Car Comparisons

Comparison Test: 2017 Audi Q7 vs 2016 Volvo XC90

Comparison Data

Base Price
Optional Equipment
Rear seat entertainment preparation $150; Luxury Package $3,750; Driver Assistance Plus $3,400; B&O audio $5,100
Vision Package $1,800; Convenience Package $2,200; carbon-fibre inlays $1,000; booster cushion $325; Bowers and Wilkin audio $3,250; head-up display $1,150; 4-Corner Air Suspension $2,350; 22-inch alloys plus 275/35 perf tires
A/C Tax
Destination Fee
Price as Tested

When I was growing up, the status rig for family hauling was a big-ass American station wagon with all the trimmings – and that usually meant great swaths of stick-on wood grain framed with ill-fitting chrome trim. These barges bragged tinted windows, the fanciest hubcaps, velour upholstery, possibly a rear-facing third row and, wow, air conditioning. Plus a lazy V8 and nautical handling that turned said rear seat zone into a barf-atorium.

The new go-to family chariot - the European premium seven-seat crossover.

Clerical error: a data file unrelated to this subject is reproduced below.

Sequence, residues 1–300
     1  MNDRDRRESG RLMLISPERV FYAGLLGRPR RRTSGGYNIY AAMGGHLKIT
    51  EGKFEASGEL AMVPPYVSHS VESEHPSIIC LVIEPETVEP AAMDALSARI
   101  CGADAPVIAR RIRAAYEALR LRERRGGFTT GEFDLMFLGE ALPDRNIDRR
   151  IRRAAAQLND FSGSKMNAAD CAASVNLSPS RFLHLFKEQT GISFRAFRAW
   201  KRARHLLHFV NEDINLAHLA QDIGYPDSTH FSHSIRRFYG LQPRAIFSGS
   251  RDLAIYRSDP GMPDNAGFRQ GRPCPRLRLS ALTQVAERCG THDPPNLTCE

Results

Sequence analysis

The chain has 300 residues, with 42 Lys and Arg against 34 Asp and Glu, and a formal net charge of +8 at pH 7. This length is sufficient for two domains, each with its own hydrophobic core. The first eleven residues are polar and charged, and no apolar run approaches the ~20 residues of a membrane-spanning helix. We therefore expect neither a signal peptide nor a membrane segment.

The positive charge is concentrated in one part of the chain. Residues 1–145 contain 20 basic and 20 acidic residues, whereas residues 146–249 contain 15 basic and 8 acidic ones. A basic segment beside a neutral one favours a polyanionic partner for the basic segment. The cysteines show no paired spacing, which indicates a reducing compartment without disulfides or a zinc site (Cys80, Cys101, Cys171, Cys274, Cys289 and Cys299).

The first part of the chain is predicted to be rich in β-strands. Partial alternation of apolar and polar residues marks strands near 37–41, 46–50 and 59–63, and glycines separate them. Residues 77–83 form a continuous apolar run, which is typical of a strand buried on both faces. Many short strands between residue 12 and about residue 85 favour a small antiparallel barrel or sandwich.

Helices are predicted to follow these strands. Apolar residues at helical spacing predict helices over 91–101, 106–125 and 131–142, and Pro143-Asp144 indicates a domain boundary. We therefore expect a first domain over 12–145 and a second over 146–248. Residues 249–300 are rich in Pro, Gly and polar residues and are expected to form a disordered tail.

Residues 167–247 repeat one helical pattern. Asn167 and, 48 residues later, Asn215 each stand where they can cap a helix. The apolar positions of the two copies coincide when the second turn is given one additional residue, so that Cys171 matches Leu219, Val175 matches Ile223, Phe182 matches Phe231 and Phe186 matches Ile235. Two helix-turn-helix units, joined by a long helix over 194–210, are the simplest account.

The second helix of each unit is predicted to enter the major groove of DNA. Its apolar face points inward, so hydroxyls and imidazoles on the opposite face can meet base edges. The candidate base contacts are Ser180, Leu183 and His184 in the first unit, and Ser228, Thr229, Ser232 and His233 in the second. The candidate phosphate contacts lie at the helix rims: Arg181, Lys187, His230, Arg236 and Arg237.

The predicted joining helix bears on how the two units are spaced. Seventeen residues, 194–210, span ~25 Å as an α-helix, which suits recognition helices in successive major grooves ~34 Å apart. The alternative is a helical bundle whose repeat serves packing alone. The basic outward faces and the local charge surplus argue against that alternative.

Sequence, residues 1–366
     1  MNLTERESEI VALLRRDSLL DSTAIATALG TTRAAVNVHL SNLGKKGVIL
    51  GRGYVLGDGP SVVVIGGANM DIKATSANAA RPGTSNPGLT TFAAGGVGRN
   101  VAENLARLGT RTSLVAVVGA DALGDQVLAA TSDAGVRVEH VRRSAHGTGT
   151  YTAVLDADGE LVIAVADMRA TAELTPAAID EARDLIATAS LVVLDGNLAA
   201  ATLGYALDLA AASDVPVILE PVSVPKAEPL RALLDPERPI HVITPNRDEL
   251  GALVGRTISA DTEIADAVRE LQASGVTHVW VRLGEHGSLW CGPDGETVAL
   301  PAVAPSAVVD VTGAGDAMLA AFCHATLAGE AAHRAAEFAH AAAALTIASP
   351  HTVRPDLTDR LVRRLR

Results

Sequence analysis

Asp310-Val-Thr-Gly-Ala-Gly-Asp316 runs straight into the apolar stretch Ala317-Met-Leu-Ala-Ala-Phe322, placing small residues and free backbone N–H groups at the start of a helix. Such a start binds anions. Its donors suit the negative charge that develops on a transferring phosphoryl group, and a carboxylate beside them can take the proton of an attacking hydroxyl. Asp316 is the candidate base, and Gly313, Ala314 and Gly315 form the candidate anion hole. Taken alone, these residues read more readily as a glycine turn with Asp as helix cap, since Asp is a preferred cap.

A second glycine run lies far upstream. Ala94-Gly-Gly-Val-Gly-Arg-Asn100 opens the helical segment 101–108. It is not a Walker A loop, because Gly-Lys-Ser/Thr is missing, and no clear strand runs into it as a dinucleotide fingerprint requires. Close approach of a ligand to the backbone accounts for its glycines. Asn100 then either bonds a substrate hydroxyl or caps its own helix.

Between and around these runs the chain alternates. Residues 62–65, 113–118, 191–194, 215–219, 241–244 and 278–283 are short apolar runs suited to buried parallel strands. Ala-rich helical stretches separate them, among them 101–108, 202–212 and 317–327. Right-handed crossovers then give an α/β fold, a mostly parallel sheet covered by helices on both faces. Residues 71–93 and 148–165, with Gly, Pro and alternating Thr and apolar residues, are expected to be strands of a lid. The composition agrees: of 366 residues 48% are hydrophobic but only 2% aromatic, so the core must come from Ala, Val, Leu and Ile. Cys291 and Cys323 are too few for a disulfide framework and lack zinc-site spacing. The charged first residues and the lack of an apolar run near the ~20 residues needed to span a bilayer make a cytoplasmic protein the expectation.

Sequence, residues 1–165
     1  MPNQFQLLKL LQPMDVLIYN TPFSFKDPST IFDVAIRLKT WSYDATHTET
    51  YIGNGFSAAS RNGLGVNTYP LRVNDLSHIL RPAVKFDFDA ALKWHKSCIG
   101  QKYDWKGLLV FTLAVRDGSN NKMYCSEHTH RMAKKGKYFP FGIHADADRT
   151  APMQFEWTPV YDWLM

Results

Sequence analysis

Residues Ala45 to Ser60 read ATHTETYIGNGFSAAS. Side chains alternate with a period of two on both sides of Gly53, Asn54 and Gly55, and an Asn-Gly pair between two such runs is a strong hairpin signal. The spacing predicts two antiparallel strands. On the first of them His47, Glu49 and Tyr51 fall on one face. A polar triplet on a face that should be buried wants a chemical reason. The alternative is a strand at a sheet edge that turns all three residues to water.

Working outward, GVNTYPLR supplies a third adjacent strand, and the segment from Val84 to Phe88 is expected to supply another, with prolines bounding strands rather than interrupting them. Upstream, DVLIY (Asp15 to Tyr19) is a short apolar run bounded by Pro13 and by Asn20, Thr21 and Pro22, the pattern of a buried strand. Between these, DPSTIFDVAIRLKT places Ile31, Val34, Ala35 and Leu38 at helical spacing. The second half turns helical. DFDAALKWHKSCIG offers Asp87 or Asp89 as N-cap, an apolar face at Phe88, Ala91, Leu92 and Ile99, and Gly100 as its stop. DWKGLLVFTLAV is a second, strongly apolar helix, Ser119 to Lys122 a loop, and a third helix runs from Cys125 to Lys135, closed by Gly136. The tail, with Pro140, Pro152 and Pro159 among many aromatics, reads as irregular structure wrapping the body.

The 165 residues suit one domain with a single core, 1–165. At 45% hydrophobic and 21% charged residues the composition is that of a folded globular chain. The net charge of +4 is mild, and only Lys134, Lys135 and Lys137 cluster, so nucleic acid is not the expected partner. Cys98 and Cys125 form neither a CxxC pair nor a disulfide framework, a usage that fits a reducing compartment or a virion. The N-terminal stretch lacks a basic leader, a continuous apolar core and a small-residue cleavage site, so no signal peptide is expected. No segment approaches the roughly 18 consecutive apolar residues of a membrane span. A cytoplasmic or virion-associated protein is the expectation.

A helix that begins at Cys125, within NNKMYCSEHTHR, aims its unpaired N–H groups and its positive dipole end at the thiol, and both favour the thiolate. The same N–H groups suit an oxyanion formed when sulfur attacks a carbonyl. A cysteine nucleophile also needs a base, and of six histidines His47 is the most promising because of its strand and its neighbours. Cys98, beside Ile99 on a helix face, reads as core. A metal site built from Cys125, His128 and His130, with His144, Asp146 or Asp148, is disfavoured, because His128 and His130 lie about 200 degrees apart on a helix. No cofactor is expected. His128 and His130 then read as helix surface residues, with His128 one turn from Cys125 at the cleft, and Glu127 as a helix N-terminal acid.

Kids today can count themselves lucky. Parents too, for that matter, assuming they have the pecuniary resources necessary for the new go-to family chariot - the European premium seven-seat crossover. Blame BMW – they started this whole thing back in 2000 with the launch of the X5.

Today we’re looking at the 2017 Audi Q7 and 2016 Volvo XC90 T6, both completely redone from bow to stern. These second-generation seven-seat CUVs bristle with every new tech, safety and mechanical bit their respective automakers can throw at them. And their bottom lines reflect this. The Volvo XC90 T6 (“the most awarded SUV of the year”) has an entry point of $61,300, but this loaded-up R-Design tester tipped the scales at $80,025 before freight and taxes. (Yes, there is a pricier plug-in hybrid Volvo XC90 T8 starting at $74,150 – more on that later.)